“Crime – together we can crack up laughing at it”
While obviously there’s usually nothing funny about crime, these comedies however make us guffaw at both sides of the law.
dir. David Zucker – ★★★★★
The Naked Gun: From The Files of Police Squad (to give it its full title) gives Airplane! a run for it’s money in the laughter count, which shouldn’t surprise really because it’s from the exact same team of people.
Leslie Nielsen plays Frank Drebbin, an inept cop who doesn’t let that stand in the way of trying to stop an assassination attempt on the Queen of England. Drebbin encapsulates nearly every onscreen good guy cop that was the staple of television back in the day and it’s in this first film, rather than the sequels, where his character is nailed to perfection.
Again, the joy is from the deadpan and earnest delivery of the most juvenile and hilarious dialogue mixed together with some great slapstick and visual gags, although be warned, it’s impossible to laugh guilt free at OJ Simpson’s contribution nowadays.
dir. Joel Coen – ★★★★★
From the ridiculous to the sublime. Set in the Prohibition era, Gabriel Byrne plays Tom Reagan, an advisor and confidante to crime boss Leo (Albert Finney) who has to try and keep the peace and manipulate his way carefully when Leo’s reign as boss is challenged by Johnny Caspar (Jon Polito) as the police are of no help, merely bystanders as the turf war plays out.
A lot of the humour comes from Tom’s attempts to get his way and avoid the trouble which seems to follow him at every turn. Again, like in every Coen film, all the supporting characters are brilliantly drawn and the actors all have plenty to get their teeth into, not least the slang the Coen’s created for the film, at one stage even claiming it was historically accurate.
The film is also so beautifully shot by Barry Sonnenfeld and scored by Carter Burwell, so much so in fact that’s it’s elevated beyond most comedies you’ll see.
dir. Phil Lord, Christopher Miller – ★★★★
22 Jump Street is a hilarious piss-take of overblown Hollywood sequels while also being one, a joke which in lesser hands could have been horrible. The film really does have its cake and eat it by being ridiculously self-aware, taking every single opportunity to make fun of itself. This time the two cops have to go undercover in a college, as opposed to a High School, trying to infiltrate a drug ring whose main trade is students.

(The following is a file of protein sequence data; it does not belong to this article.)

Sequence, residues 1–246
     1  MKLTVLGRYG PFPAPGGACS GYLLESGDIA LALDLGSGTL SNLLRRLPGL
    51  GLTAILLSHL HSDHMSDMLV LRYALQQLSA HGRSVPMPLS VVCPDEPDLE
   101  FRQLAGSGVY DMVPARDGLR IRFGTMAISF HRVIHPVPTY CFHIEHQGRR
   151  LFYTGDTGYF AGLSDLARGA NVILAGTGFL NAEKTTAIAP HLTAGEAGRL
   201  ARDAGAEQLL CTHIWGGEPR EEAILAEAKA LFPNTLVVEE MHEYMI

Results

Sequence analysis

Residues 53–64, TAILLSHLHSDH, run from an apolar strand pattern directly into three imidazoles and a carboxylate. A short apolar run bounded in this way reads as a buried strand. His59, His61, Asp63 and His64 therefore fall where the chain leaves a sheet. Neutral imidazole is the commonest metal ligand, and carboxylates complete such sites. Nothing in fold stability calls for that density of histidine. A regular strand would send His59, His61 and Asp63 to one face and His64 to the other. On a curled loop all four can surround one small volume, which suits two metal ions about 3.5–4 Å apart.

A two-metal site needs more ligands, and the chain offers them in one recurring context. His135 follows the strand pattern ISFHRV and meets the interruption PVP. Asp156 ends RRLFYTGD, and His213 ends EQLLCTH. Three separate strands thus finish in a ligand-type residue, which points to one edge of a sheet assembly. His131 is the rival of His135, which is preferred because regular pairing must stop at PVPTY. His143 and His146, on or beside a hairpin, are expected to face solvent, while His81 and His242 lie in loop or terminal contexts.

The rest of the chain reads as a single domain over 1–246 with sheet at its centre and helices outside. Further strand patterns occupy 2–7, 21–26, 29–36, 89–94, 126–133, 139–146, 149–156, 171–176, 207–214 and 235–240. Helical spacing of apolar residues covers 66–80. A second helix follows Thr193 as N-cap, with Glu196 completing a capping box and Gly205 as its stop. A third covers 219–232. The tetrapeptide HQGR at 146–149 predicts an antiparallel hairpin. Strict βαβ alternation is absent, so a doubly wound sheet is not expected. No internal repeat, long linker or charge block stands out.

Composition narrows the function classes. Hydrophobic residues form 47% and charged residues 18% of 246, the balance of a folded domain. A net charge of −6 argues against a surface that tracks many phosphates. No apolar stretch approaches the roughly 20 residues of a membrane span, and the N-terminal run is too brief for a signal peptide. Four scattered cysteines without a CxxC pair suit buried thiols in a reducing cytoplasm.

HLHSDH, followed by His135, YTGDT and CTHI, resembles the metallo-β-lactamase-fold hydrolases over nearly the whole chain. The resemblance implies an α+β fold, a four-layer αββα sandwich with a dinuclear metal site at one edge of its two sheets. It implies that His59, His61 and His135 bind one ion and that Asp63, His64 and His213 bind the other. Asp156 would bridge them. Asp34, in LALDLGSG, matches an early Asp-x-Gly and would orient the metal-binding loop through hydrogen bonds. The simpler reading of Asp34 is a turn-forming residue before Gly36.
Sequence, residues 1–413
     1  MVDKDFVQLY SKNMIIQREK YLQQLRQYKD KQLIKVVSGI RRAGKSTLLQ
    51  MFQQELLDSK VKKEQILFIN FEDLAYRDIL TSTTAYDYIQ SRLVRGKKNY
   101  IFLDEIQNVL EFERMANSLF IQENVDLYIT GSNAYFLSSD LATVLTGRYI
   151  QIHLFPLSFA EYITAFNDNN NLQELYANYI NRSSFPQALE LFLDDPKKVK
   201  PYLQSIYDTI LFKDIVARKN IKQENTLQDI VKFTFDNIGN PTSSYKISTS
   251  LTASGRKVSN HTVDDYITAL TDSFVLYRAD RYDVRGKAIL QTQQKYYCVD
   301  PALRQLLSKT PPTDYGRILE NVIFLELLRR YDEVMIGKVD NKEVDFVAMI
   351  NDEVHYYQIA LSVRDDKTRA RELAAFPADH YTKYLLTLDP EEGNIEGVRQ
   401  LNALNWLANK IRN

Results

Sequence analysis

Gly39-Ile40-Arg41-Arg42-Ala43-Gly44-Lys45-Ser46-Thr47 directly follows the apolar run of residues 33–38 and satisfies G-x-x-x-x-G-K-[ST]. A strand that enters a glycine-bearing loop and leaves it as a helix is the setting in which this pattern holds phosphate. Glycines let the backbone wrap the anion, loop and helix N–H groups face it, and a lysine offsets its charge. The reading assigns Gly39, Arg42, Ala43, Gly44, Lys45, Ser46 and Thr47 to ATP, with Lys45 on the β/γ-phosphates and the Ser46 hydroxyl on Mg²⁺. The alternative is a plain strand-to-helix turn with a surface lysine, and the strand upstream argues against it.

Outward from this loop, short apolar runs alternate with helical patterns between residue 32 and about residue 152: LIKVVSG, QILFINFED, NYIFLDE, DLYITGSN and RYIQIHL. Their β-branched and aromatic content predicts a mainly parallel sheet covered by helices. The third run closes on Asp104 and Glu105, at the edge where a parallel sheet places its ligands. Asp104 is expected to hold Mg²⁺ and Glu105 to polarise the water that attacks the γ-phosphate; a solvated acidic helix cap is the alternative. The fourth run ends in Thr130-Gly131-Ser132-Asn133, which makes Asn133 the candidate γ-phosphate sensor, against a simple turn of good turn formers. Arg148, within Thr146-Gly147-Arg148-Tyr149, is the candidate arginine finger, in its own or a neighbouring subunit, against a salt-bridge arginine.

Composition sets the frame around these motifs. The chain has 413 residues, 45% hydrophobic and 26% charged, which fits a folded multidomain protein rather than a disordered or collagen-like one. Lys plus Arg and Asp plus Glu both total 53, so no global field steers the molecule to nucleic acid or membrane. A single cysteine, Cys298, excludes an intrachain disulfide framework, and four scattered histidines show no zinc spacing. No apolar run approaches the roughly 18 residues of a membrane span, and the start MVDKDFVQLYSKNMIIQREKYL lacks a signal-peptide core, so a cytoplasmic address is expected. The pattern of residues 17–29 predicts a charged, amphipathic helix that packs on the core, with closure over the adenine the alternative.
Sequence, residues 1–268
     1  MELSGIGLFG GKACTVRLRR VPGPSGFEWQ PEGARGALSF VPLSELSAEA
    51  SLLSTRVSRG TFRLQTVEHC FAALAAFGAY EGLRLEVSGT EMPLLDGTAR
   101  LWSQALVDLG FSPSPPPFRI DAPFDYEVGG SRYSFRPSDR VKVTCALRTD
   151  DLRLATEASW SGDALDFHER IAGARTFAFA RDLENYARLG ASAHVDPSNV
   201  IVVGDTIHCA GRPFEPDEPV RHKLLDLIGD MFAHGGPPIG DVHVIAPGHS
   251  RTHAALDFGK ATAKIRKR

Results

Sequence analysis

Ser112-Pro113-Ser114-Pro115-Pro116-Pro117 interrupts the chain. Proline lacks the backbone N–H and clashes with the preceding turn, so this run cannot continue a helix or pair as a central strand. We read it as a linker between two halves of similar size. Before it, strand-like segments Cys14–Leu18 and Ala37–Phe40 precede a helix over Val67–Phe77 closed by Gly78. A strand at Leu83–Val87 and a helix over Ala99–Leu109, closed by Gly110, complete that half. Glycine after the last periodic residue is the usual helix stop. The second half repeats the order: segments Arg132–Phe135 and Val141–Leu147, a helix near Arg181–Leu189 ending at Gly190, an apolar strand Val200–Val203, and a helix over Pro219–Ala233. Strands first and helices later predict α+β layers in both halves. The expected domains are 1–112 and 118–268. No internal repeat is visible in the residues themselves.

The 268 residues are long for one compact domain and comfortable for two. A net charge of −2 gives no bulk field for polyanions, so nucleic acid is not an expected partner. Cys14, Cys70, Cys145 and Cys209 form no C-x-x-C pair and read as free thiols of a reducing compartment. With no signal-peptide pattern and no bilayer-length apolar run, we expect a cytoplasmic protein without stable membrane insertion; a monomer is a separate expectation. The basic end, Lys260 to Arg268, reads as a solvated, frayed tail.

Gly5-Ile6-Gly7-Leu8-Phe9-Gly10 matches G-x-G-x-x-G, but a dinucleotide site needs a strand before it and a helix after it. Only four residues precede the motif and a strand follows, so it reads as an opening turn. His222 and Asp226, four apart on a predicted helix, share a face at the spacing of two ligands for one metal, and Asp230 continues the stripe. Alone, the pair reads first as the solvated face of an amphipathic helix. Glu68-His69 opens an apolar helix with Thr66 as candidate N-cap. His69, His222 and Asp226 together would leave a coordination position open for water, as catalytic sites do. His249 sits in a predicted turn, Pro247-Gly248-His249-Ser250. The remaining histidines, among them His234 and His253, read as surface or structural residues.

Hill and Tatum really work well together for some reason and rarely look like they’re trying that hard, and the film has some fantastically put together set pieces and well worked routines and let’s not forget it also has the greatest end credits sequence ever, probably.
Richard Shepard – ★★★½
Now don’t get me wrong, my rating is probably a little generous and a lot of critics slammed this on release but there are some worthwhile moments depending on your inclinations toward cockney gangster films, particularly where the protagonist talks and swears a lot. Jude Law gives probably his second best performance after The Talented Mr.Ripley playing the titular Dom, a larger than life gangster who is released from prison after doing the “decent” thing in serving his time rather than ratting out his employers. Dom, however, is a very volatile man and it’s not long before he’s losing control, most memorably when he meets old boss Mr. Fontaine (Damien Bichir) who he feels owes him big time and past and present transgressions begin to come back on him.
The problem with the film is it’s a game of two halves, when Dom decides to seek out his daughter and make amends the tone of the film shifts dramatically and that will either come as a relief or a disappointment. Richard E.Grant is great as Dickie, his old friend and enabler, and when these two are onscreen together everything flows, Emilia Clarke, however, as his daughter is unfortunately much underutilised. All in all, worth it just for Jude Law’s performance alone.